Everything should be in balance. It is as essential in life as it is in your swimming pool. The pH of your pool is an excellent example.
As a general guideline, you should keep your pH between 7.4 and 7.8 In this article, we’ll show you how to adjust pH if it becomes too high in this post.
Let’s get started!
Effects of a High pH Level
Why is a high pH level, or a pH level greater than 7.8, hazardous for your swimming pool? For starters, it’s bad for both the swimmers and your bank account. Here are some of the issues you might encounter:
- Swimmers will complain about stinging eyes, dry skin, and a sticky feeling.
- You’ll notice that the pool has grown foggy or overcast, which makes swimming less appealing.
- At increasing pH values, chlorine becomes less effective. The expense of adding more chlorine is higher than the cost of pH test kits. Low chlorine levels encourage the growth of germs and algae.
- Alkalinity makes water “hard,” and calcium deposits can induce scale development. Scale can clog your filters and pipes. This will put strain on your pool equipment and result in a variety of issues like leaks and motor failure.
How to Lower pH Levels
Always test your water before doing anything. Check the pH, acid demand, and total alkalinity of the pool with a pool test kit.
After determining that the pH level is too high, you should try to restore balance. There are two main pH lowering products. These are sodium bisulfate (dried acid) and muriatic acid.
The steps for each product are as follows:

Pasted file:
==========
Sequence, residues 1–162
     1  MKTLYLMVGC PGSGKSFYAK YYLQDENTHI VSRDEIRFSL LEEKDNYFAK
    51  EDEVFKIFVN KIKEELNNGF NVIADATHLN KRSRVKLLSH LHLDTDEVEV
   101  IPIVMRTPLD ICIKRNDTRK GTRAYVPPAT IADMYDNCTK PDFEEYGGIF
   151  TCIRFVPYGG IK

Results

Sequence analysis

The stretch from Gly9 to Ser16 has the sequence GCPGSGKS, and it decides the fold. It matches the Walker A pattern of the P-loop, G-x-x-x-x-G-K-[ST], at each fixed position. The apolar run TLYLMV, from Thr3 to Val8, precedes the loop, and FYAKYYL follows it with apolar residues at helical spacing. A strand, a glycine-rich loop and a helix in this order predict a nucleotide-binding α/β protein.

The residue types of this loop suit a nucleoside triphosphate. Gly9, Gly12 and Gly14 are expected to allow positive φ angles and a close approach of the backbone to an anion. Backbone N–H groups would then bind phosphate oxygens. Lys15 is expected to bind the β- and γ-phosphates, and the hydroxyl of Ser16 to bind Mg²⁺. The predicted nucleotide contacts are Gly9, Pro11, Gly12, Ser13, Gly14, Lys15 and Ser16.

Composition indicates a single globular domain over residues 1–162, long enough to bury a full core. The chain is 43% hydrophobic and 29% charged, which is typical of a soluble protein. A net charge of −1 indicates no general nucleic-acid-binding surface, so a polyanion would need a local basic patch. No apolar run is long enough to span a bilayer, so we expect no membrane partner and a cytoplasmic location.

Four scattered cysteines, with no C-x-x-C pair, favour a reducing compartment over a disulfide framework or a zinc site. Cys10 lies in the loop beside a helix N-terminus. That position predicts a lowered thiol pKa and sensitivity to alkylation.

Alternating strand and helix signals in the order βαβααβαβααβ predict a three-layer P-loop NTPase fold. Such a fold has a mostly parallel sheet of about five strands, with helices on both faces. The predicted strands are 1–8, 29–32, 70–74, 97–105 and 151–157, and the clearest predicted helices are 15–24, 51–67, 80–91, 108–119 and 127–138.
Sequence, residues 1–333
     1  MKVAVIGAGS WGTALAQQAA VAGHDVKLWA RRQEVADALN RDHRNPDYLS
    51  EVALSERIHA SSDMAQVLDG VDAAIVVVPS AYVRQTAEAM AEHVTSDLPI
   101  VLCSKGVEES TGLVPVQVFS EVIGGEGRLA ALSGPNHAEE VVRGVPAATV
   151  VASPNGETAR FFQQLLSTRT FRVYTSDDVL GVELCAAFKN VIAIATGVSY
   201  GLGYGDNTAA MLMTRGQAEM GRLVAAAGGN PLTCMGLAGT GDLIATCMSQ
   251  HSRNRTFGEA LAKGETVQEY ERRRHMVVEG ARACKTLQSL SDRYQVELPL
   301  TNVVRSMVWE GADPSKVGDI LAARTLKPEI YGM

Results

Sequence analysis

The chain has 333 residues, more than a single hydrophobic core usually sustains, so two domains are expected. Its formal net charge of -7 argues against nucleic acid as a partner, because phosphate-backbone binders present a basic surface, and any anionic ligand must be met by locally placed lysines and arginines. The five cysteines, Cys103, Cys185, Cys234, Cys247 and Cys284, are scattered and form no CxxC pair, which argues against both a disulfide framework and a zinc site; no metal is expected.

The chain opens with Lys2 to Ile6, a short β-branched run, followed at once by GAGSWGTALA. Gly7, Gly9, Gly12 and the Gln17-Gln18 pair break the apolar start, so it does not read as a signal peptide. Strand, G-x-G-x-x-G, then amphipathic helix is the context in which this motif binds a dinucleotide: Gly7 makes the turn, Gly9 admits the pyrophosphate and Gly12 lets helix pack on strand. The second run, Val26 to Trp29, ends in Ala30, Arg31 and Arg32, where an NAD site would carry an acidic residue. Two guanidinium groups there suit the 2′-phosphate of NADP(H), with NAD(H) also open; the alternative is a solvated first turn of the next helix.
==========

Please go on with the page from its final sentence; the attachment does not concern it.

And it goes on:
- Follow the manufacturer’s directions and measure the appropriate amount depending on your preliminary tests. Some advocate doubling the recommended amount to allow for easier correction.
- Sodium bisulfate is often sold as a powder. To avoid backlash to your skin and clothes, avoid using it on a windy day.
- Add the chemical by getting as close to the water as possible and downwind if it’s windy. Apply it on the water return jet site to help the powder distribute around the pool.
- After ten to fifteen minutes, the powder should dissolve on its own.
- Allow at least six hours for retesting, but complete your test within 24 hours.
- Because muriatic acid is a strong corrosive, wear safety equipment such as gloves and goggles.
- Read the directions again and measure the amount as directed.
- Muriatic acid can be added to your pool in two ways. The first step is to turn off the pump and then slowly pour a steady stream into the deep end. Allow the acid to settle at the pool’s bottom before resuming circulation with the pump.
- The second way is to pour it over the return jets and let the pump do the rest.
- Retest the water after six hours, but no more than 24 hours.
With the Balance Restored, All Is Well
Every pool owner should know how to lower pH levels. However, if you don’t have the time or if it’s too much for you, give us a call !
We can do everything from pH level balancing to mechanical repairs, pool cleaning, and upkeep. We’ll make sure your swimming pool is constantly in great condition!